I have found the Muslim communities’ embracing of Chris Hedges to be a curious one. Not that I don’t find points of commonality with some of his writings, but I do find it curious, with his stances on theology (he dismisses the existence of angels) and the nature of religion, to be troublesome if not out of step with Islam itself:
"Religion is our finite, flawed and imperfect expression of the infinite." - From I Don’t Believe In Atheists.
What I find so questionable about Hedges is that while he claims to be a proponent of religion, he seems to reduce religion to a purely human product. This, ironically, is not dissimilar from the atheists standpoint themselves. So, and correct me if I am wrong, it would seem that Hedges disagrees with like likes of Richard Dawkins, Christopher Hitchens, and Sam Harris, not the essence of the arguments, but in form or style.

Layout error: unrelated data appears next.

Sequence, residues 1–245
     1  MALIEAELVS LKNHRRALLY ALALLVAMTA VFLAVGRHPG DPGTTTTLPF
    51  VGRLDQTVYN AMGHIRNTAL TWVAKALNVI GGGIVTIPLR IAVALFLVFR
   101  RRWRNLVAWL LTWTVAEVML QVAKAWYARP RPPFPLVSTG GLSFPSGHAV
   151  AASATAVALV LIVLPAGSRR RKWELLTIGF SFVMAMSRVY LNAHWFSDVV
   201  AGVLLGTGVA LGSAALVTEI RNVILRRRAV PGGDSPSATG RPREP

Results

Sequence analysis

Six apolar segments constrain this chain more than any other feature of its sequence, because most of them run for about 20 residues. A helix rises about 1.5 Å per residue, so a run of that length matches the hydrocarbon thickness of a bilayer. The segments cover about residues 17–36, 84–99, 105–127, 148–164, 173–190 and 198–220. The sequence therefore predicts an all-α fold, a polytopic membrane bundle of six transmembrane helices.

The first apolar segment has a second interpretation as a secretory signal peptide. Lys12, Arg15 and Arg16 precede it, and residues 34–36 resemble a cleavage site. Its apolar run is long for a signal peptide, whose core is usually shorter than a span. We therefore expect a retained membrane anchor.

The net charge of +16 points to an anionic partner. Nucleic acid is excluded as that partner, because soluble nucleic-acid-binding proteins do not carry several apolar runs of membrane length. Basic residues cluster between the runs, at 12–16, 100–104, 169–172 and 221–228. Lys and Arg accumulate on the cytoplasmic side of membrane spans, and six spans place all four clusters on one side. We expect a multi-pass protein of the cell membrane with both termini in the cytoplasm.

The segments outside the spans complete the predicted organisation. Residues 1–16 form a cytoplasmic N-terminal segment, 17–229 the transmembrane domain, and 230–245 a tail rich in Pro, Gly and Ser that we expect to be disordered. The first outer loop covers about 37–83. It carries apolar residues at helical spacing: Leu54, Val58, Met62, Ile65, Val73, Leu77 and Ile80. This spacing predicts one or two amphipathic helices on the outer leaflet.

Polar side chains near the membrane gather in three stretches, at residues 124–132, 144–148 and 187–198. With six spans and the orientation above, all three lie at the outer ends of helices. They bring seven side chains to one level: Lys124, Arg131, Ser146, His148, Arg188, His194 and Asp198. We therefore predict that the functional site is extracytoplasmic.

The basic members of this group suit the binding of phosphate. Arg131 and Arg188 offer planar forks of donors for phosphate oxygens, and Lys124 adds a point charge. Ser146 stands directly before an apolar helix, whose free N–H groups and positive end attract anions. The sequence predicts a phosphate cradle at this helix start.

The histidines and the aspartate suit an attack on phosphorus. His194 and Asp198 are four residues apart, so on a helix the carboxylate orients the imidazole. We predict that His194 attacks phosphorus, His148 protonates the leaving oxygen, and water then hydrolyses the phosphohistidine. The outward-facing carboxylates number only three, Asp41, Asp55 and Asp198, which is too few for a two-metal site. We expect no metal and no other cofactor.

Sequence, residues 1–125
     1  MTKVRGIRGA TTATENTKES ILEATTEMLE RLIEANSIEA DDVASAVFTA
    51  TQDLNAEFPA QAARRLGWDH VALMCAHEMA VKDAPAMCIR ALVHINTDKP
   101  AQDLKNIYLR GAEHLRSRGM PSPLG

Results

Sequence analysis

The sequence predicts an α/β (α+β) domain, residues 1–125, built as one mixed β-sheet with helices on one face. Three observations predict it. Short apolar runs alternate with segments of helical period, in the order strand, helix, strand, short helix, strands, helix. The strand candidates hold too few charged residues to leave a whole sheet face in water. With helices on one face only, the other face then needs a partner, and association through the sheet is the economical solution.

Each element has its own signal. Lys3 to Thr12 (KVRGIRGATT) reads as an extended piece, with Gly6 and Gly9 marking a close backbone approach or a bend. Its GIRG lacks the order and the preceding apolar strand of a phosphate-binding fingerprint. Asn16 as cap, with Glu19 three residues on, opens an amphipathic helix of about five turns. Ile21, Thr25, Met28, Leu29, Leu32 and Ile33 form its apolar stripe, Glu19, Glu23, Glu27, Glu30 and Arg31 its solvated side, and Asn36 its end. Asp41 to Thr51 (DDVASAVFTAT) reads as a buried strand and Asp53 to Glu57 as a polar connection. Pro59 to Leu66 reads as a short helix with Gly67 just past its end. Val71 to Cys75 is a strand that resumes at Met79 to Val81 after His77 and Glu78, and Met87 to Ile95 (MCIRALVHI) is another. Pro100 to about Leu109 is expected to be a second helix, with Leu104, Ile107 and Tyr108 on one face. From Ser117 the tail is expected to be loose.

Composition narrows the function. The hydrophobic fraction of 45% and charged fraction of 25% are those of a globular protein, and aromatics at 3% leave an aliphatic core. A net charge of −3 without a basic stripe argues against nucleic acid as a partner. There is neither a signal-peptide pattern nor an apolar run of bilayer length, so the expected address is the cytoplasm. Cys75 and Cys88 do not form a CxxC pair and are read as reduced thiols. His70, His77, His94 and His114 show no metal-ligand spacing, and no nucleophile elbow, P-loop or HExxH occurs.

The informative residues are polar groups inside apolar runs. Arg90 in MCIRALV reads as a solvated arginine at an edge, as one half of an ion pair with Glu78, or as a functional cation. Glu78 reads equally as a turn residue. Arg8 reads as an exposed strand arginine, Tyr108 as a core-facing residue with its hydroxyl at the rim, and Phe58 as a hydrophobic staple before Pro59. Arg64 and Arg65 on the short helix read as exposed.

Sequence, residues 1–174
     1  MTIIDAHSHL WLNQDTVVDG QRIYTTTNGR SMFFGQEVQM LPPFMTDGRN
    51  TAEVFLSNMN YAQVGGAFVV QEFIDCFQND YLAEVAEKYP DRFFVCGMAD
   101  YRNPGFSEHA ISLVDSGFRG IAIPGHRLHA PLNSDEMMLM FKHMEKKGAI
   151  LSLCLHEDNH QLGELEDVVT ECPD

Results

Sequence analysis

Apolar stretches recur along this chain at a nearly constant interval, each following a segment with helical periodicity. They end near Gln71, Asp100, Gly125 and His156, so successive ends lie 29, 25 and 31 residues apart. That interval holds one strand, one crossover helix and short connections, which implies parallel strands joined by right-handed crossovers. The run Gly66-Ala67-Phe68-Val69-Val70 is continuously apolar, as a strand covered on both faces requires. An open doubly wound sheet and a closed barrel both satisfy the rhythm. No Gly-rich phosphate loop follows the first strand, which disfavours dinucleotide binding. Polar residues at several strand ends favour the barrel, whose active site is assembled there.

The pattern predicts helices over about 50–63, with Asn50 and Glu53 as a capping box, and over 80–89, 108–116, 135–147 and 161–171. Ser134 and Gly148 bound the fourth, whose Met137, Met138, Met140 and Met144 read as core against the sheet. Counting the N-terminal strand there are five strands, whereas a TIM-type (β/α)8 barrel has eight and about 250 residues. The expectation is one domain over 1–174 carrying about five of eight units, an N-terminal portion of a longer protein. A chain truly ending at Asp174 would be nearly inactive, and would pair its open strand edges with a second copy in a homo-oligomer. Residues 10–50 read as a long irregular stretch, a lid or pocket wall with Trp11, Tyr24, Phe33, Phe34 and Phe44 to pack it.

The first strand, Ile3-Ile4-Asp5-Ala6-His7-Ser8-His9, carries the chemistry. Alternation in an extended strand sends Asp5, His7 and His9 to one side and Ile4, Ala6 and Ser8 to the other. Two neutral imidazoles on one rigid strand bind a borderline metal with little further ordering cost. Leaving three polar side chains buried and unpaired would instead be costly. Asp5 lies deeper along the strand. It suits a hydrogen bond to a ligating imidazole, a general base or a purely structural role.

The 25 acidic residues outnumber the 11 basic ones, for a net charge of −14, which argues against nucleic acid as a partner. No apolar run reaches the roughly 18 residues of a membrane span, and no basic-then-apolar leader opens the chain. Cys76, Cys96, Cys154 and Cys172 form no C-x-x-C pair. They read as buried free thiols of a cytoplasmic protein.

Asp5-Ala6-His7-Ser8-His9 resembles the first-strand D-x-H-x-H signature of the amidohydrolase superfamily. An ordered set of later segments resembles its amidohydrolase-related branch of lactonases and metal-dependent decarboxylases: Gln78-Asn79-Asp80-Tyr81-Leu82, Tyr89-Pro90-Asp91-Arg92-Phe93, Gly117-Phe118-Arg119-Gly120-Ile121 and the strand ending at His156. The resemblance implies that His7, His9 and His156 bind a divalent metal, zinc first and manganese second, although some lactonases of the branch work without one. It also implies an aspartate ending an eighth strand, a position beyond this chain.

"I don’t like movies when they don’t have no niggers in ‘em. I went to see, I went to see "Logan’s Run," right. They had a movie of the future called "Logan’s Run." Ain’t no niggers in it. I said, well while folks ain’t planning for us to be here. That’s why we gotta make movies. Then we[‘ll] be in the pictures." - Richard Pryor in "Black Hollywood" from Richard Pryor: Bicentennial Nigger (1976).
I have been a life-long fan of science-fiction my whole life and yet Richard Pryor’s words ring true. There’s an absence of Black folks in this genre. But it goes beyond an absence to a deliberate removal, a method of writing reality in such that Black folks never existed or will exist. Even now, re-reading a book I enjoyed as a child, I am struck with the tacit hostility towards blackness in the book and in this genre as whole. But on the lighter side, I am reminded by Lewis C. K. as to how and why this would come about [my apologies for the language in advance]: